We all know the critical importance of peer-review. It is the main form of quality control and feedback on research. However, to an early-stage researcher (like me), it can sometimes be a confusing system/process.
Accordingly, there are several treatises on the scientific refereeing process that give guidance. Two (very different) examples from computer science -- this 1994 article by Parberry and a more recent one by Cormode -- offer great advice (though the latter might be a shade mischievous).
Here, I'd like to solicit broader advice from the more experienced members of this community about the review process, with particular regard to the peculiarities of theoretical computer science.
- What are the main criteria for determining the significance of a paper's results? How do I judge whether a paper should be accepted to the conference/journal? Is it important to verify correctness?
- What are the main elements of a referee report, and which parts are most important? Is it always necessary to give a recommendation of (non)acceptance? What goes in the report and what goes solely to the editor?
- How does assessment for conferences differ from that in journals? How do reports for conferences differ from those in journals? (How on earth do I rate my "confidence" in my recommendation?) Should the journal version be significantly different from the conference paper?
- What if I don't understand the paper? ...the proof? (Is it my fault or theirs?)
- What about typographical/grammatical mistakes? What if there are a lot of them?
- How much time should I spend on a report?
- How many reports a year am I expected to write? When is it acceptable to refuse a request to referee?
Of course, any other relevant questions and answers on this topic are encouraged, since this is CW.
This question is inspired by (stolen from) a similar post at MathOverflow.
I am still very interested in getting more input on this question especially with regard to reviewing conference papers and program committee membership. (These two roles are themselves different beasts, and both very unlike being a referee for a journal article, IMO.) Granted, program committee membership is rarer than refereeing or reviewing (and it hasn't been my privilege yet), but is a responsibility that every researcher in theoretical computer science must take on eventually.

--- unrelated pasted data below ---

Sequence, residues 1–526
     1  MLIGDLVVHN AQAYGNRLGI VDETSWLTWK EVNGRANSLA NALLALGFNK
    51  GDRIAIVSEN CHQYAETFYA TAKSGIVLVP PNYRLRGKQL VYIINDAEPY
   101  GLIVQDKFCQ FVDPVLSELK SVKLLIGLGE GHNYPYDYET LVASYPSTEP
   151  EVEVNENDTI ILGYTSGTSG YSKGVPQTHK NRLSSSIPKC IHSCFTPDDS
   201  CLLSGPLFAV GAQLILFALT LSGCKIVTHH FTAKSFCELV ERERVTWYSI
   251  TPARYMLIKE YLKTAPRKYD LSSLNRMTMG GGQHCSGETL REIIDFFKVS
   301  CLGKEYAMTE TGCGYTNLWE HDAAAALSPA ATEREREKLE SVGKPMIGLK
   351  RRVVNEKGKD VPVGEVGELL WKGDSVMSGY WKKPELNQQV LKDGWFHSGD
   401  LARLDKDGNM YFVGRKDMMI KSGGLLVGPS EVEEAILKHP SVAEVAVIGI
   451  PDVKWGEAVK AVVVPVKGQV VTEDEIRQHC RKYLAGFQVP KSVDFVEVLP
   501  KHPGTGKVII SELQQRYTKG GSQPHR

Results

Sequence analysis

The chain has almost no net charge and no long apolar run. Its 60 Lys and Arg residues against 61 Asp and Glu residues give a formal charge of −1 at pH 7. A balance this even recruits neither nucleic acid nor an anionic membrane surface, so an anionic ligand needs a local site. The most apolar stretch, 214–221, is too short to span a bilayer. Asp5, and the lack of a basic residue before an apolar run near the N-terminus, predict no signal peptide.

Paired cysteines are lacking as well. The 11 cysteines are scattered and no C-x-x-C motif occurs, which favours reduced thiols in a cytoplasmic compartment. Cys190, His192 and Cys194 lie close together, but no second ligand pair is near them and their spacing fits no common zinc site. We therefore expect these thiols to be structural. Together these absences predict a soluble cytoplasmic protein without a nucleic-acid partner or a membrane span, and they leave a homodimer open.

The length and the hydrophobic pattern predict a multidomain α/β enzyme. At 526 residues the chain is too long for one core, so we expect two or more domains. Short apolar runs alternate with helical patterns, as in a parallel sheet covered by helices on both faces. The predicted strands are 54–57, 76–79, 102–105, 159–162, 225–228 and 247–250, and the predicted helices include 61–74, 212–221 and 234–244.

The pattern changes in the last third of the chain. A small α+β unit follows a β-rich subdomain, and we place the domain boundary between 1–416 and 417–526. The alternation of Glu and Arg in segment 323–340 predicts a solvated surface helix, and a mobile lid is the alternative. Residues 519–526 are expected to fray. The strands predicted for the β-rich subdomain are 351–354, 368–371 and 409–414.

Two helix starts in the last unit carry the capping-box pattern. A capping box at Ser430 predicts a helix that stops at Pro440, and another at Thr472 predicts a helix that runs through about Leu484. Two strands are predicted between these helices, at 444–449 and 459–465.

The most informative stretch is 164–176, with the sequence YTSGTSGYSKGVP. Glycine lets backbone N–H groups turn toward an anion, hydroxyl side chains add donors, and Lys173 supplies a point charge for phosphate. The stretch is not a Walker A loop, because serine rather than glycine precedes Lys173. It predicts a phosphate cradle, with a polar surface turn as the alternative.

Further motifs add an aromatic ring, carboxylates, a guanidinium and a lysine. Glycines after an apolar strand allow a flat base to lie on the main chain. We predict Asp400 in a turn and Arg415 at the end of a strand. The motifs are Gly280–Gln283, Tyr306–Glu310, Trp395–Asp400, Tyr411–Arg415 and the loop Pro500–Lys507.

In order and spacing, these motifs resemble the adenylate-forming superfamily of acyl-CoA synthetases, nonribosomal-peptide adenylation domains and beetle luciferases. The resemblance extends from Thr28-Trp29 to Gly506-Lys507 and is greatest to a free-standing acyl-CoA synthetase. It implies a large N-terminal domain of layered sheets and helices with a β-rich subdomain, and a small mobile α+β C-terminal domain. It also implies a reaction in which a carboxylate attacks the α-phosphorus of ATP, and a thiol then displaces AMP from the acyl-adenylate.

Time. How much time am I expected to spend as a committee member or conference reviewer? Given the probability that I could get ten or perhaps many more to handle in the space of a few weeks, how do I avoid running out of time? What are the most important things to spend time on?
Confidence. What if the paper is too far from my area of expertise? What factors should go into nominating/asking someone else to review a submission? If it is not too far from my area of expertise and I elect to review it, when is it permissible to give a confidence rating of 1?
Criteria. There are critical differences between journals and conferences. Some very important papers are not published in journals. Some very important papers did not previously appear in conferences. What are the most significant distinctions in criteria on which to assess papers in these settings?
Recommendations. Inherently, there are fewer recommendations that can be offered to the authors of a conference paper, primarily due to space and time constraints. Also, there is usually only one round of review. Another consideration is that my report becomes public to the entire strong committee. What is the scope of suggestions/directives that I can offer?
As before, if you think I've missed out on asking any particular questions, do let me know, or edit directly. This is CW, after all.
These new thoughts are partly motivated by reading a paper that Suresh mentioned on his blog.